I’ve been lucky enough to have seen a little theatre during the pandemic. Press were invited to a performance of The Believers Are But Brothers just before the November lockdown. After that, I didn’t review another show until Opera North’s A Night at the Opera last month – which was worth the wait.
But seeing Bloody Elle was particular exciting.
Even more exciting – it was my first ever Royal Exchange press night! I see lots of shows at the Royal Exchange, but previously I’ve always allowed my writers to do the reviews, so it was lovely to do a review for myself.
But before that, I want to answer that burning question that is on a lot of theatregoers minds: What’s it like seeing theatre in a pandemic?
Theatre in the time of Covid
Well, theatres still have to operate with social distancing in place, though that looks likely to end this month. Whilst guests are told to keep their masks on in the auditorium, not everybody did. The staff at the Royal Exchange might have done a better job at getting people to keep their masks on, which would have made the rest of us feel a lot more safe and comfortable.
Some staff were policing where people had their drinks, so they might have put a bit of that energy into getting people to keep their masks on. I did find it a little odd that you could drink in the auditorium and the cafe (where everybody is sat close together) but not anywhere else in the theatre (where people can properly social distance). Does Covid only spread in the main part of the building?
These weird, contradictory Covid regulations are not exclusive to the Royal Exchange, or even theatres, though – they’re everywhere! Whilst they’re a little frustrating, you just have to put up with them if you want to enjoy normal life – and if theatres required guests to wear latex gloves and safety goggles to attend their shows, you can bet I would!
(Yes, this subtitle is a play on the Gabriel García Márquez novel).
Let me start off by saying that it took me way too long to understand why the show is called Bloody Elle. I’d been surprised by the show’s description – this doesn’t sound like a story that ends in murder, I thought.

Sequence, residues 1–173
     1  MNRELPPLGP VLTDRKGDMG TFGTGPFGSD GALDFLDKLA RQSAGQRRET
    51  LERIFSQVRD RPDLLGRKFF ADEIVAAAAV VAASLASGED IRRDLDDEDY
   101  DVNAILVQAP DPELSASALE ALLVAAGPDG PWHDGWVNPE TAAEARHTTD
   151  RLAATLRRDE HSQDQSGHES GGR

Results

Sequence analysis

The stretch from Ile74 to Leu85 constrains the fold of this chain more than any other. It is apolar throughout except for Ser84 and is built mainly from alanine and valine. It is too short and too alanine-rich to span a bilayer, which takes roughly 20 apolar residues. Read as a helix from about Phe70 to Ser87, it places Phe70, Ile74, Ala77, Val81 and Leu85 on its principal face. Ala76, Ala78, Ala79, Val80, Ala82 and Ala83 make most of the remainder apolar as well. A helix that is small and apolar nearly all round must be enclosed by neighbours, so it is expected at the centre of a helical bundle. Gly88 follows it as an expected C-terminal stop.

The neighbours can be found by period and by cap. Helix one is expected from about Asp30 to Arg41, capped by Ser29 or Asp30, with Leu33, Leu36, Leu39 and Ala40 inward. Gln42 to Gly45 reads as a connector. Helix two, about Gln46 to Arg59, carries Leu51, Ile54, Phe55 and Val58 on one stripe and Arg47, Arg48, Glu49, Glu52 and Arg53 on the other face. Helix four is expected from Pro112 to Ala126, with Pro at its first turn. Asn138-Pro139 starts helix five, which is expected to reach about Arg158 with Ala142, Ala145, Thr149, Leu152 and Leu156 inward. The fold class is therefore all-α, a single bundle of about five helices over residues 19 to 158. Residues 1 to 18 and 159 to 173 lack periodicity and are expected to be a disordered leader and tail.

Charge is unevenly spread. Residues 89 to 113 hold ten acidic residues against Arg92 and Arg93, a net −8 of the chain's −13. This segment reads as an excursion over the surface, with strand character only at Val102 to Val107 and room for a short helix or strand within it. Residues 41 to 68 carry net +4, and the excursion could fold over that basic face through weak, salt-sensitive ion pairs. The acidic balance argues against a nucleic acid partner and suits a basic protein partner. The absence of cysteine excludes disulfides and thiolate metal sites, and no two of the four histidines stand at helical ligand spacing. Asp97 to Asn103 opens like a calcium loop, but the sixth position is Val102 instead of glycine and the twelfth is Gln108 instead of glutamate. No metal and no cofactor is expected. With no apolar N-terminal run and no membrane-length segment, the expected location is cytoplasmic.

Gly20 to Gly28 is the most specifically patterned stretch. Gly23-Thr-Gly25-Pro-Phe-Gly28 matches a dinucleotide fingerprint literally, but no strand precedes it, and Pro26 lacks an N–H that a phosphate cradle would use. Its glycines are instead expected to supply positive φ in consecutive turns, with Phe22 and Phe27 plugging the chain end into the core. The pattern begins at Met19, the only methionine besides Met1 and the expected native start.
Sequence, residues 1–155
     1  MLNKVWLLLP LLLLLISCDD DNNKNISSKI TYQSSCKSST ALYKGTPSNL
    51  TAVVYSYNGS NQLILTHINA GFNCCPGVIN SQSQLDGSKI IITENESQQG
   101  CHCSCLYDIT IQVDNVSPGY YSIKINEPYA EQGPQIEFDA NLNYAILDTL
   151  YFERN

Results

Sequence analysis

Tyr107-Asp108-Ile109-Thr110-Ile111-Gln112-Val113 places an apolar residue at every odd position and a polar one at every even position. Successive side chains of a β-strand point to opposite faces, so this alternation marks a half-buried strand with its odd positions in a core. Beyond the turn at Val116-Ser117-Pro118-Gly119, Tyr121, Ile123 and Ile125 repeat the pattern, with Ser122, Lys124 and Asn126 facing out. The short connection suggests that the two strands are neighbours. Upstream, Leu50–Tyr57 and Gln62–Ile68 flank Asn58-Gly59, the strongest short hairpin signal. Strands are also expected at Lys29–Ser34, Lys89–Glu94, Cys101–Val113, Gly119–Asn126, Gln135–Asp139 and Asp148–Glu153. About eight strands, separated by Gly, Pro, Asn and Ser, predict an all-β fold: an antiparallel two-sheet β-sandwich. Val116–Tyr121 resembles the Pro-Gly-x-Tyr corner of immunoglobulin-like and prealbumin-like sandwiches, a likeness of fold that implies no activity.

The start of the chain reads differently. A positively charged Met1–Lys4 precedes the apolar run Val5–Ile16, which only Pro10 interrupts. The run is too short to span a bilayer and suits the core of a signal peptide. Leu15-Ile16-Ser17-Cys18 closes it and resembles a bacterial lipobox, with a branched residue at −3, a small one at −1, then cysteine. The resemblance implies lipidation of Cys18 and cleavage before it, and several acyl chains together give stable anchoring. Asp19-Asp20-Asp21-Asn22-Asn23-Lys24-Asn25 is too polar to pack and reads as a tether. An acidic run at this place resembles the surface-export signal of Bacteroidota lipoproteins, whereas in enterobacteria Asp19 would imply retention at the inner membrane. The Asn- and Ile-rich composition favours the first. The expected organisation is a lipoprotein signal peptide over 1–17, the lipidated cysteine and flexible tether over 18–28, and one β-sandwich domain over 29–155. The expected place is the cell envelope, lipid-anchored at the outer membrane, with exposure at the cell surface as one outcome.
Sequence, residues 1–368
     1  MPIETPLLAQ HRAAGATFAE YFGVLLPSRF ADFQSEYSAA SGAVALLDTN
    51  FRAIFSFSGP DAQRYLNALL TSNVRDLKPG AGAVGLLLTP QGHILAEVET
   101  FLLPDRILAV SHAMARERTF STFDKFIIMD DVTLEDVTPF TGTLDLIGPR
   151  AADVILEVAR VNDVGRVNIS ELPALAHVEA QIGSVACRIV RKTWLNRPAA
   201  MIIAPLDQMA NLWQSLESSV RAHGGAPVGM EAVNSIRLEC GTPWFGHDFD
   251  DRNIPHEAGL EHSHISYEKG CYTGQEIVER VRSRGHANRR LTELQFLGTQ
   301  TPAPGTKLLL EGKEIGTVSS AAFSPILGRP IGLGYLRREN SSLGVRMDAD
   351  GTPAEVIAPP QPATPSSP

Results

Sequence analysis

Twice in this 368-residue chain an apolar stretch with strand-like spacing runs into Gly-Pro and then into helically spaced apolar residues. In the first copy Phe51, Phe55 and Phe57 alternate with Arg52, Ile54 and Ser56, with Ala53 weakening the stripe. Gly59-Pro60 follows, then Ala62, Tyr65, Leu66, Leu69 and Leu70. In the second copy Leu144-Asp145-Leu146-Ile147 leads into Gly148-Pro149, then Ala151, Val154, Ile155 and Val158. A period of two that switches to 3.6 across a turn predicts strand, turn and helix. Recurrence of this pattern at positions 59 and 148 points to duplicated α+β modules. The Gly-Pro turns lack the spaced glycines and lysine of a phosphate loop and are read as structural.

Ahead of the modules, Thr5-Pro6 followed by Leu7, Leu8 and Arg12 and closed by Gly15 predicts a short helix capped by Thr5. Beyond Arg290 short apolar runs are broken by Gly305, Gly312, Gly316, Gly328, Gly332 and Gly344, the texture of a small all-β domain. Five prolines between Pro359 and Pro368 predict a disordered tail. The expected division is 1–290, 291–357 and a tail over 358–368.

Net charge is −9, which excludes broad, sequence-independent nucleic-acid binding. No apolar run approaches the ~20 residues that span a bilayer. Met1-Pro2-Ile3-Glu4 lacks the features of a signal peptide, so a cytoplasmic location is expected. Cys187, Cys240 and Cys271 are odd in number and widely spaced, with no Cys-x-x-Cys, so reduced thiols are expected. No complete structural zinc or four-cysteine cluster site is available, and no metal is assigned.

It wasn’t until Act 2 that it dawned upon me: Bloody Hell.
As in, Bloody Hell, that didn’t half take me a long time…
Speaking of the description – it didn’t quite sell the show to me. I’d debated whether to see the show for awhile. I’m not usually a fan of comedy, romance or one-person shows, and I’m selective about both gig musicals and queer theatre, but after being invited, I decided to go along to support the Royal Exchange after an incredibly difficult time.
After seeing the show, I can now tell you that Bloody Elle is bloody brilliant; I am so glad I saw it and can’t believe that I almost missed out on this comedic, musical delight.
I wasn’t sure if a gig musical would work at the Royal Exchange’s in-the-round theatre, but it was silly of me to doubt them because anyone who goes to the Royal Exchange regularly knows that they can pull anything off.
The stage was utilised well. Lauryn Redding had a few microphones at different sides of the stage. She also had a mic attached to her so that she could walk around the circular stage – so everybody could see her face.
I liked that there were tables and chairs on the stage; those audience members must have felt very involved in the action. The stools, however – must of which did not have backs – looked very uncomfortable. The mere thought of sitting on them for over two hours gives me a bad back.
Before the show began, the relatively new Co-artistic Directors, Bryony Shanahan (who my Deputy, Dolly Busby, interviewed earlier this year) and Roy Alexander Weise, welcomed us to the show. They told us that this is the busiest the theatre has been since the start of the coronavirus pandemic.
Shanahan directed this play, which was written by and stars Lauryn Redding.
Redding was absolutely phenomenal. Her writing, acting and singing were all exceptional. Her comedic delivery was spot-on. The writing masterfully blends comedy, tragedy, drama and music. Redding wrote and portrayed many different characters, all of which were distinct and fleshed-out.
The show incorporates different genres, themes and issues. At its core, it could be seen as a coming-of-age, lesbian love story, but it also tackles themes such as class, family, aspiration and loss. The show (and its many themes) operates as a microcosm for wider society, which is currently permeated by a wide array of different issues.
It is for this reason that no matter what your identity, there is surely a part of the show that you can identify with. But even if you do not recognise part of yourself in the show, Redding’s beautiful writing, acting and singing are sure to evoke empathy and understanding.
If it isn’t obvious, I definitely recommend Bloody Elle, even if, like me, it doesn’t sound like your cup of tea.
Especially if it doesn’t sound like your cup of tea…
Bloody Elle plays at the Royal Exchange Theatre until Saturday 17th July.